Grabaims

Preposition

Rules:

1. A preposition is a word placed before a noun or a pronoun to show its relation to some other words in the sentence.
2. The noun or a pronoun used after a preposition is called its object.
3. A Preposition has no fixed meaning of its own. It derives its meaning from the context in which it is used.

Preposition of Time and Date
(at, on, in, by, to, till/until, during, for, since, from, within, before, after, then)
at: a particular time, a particular age (at 8 o'clock) (at sixteen)
on: a specific date/day (on Monday, on 17th August)
in: a period of time (in the morning, in 1987)
by: before a time (by 8 o'clock)
from: used with to or until e.g. we work from 9 o'clock till 5 o'clock.
during: a period of time e.g. during morning hours.
for: an action which continues for whole period, e.g. I work for eight hours.
since: point of tim, e.g. He has been sleeping since 6 o'clock

Preposition of Place
(at, in, on, to)
at: a small place (village, address, specific places, etc.)
in: a large place (town, city, country etc.)
on: a place of work (not a building)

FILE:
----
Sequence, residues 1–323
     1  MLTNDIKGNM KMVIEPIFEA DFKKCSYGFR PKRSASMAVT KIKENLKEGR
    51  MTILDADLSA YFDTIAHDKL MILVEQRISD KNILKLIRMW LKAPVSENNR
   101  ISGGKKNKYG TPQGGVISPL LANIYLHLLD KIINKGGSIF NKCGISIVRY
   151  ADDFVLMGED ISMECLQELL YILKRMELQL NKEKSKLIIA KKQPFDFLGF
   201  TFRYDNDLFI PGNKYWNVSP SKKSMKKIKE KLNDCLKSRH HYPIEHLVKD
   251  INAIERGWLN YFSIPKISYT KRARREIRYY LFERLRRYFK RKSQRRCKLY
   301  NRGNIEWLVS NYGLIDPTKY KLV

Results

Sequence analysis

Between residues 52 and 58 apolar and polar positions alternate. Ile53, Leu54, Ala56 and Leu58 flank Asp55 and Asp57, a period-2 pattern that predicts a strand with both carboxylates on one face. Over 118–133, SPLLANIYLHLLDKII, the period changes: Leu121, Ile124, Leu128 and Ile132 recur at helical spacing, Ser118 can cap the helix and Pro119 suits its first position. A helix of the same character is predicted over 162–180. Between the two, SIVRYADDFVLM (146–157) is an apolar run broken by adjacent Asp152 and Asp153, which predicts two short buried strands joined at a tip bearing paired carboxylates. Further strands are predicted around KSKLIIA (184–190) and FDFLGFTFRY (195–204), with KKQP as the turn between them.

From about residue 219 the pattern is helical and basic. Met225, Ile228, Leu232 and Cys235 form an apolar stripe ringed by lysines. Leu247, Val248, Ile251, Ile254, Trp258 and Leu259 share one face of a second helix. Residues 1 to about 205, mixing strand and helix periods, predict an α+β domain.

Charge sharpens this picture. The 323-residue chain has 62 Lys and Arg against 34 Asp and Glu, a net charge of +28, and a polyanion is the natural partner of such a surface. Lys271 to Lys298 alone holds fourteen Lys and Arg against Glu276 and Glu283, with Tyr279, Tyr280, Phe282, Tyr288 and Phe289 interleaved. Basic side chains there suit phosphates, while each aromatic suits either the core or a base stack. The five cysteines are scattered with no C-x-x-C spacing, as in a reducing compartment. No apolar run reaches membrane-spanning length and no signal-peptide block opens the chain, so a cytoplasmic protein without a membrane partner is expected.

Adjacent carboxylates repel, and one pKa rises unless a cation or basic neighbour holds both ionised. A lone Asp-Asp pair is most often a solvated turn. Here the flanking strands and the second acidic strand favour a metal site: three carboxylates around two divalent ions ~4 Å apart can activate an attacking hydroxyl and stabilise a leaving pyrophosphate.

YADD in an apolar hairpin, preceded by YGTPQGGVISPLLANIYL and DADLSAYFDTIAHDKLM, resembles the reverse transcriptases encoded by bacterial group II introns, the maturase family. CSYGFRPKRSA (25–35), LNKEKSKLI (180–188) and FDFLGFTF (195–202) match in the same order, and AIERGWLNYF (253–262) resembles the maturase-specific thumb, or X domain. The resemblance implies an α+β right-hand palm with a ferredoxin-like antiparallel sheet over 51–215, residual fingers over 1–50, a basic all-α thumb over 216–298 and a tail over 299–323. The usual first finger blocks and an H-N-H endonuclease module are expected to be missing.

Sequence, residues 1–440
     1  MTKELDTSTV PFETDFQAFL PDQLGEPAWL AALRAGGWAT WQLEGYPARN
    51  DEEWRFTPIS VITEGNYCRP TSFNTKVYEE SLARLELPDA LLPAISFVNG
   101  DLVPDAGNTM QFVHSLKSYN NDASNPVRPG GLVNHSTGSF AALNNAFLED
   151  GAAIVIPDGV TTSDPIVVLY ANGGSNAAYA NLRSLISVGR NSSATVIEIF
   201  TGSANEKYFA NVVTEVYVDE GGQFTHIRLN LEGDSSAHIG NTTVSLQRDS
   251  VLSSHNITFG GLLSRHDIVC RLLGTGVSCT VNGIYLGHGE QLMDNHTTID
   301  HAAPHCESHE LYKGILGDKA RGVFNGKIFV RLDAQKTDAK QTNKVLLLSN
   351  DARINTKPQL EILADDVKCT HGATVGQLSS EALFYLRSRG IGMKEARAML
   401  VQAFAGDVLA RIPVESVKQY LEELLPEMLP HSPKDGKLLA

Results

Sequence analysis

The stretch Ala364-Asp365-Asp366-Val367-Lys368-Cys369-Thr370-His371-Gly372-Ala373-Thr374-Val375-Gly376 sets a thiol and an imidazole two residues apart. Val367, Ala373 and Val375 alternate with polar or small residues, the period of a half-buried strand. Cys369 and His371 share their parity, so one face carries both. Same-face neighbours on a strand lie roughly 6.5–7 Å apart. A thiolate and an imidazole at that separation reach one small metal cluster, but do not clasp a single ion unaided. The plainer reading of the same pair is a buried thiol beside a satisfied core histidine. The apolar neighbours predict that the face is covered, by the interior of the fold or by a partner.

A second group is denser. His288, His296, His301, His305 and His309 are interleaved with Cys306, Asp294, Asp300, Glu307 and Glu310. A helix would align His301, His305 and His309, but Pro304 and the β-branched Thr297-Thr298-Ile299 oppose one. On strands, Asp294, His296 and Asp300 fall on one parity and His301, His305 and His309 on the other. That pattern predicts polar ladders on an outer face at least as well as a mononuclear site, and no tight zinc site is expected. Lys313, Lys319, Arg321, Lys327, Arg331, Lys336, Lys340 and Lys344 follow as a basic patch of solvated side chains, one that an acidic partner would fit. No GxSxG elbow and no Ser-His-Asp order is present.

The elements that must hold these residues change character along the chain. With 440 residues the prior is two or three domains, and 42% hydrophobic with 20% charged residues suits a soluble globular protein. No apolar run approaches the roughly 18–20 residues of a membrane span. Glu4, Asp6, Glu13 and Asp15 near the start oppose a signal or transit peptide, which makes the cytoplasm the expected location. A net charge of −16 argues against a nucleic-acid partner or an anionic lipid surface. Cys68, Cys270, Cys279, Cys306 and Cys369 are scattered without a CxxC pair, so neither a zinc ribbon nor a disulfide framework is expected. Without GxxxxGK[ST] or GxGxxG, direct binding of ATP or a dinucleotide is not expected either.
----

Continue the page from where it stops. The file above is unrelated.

to: a particular place
in: used for position (stationary position) e.g. (He is in the room)
into: shows motion (he jumped into the river)

Preposition of Movement
(from, to, on, in, by, into, at, off, of, out etc.)
travel by mode of transport : by bus, by air etc.
travel on something : on horse, on foot etc.
from to: one place to another.
at: reaching a specific place
off: (alight) get off a horse, train etc.

Difference between some important prepositions
(1) In and within
'In' means at the end of a given period of time. e.g. She will return in a month.
'Within' means before the end of the given period. e.g. She will return within a month.
(2) Between and among
'Between' refers to two persons or things. e.g. There was a dance competition between Ram and Shyam.
'Among' refers to more than two persons. e.g. The gifts were distributed among the children.
(3) By and With
'By' is used before the doer of an action. e.g. The painting was drawn by Anita.
'With' is used before the name of the instrument with which the action is done. e.g. She drew the lines with a pen.
(4) In and Into
'In' denotes rest. e.g. The dove is in the dove cote.
'Into' denotes movement towards the inside of anything. e.g. He walked into the library.
(5) Beside and Besides
'Beside' means by the side of. e.g. Come and site down beside me.
'Besides' means in addition to. e.g. Besides dancing, he can sing too.
(6) On and Upon
'On' is used for thing at rest. e.g. The dog is on the bed. e.g.
'Upon' is used for things in motion. e.g. The cat jumped upon the table.

Learn and Apply:

Q1. As the cock crowed _________ dawn, I got out of the bed. (on/at)
Answer: at

Q2. If you don't return these books _______ Monday, you'll be fined. (by/on)
Answer: by

Q3. The thief jumped _________ the wall and ran away. (above/over)
Answer: over

Q4. Please take your feet ________ the table (off/down)
Answer: off

Q5. We were at Ladakh ________ 30th August. (since/from)
Answer: since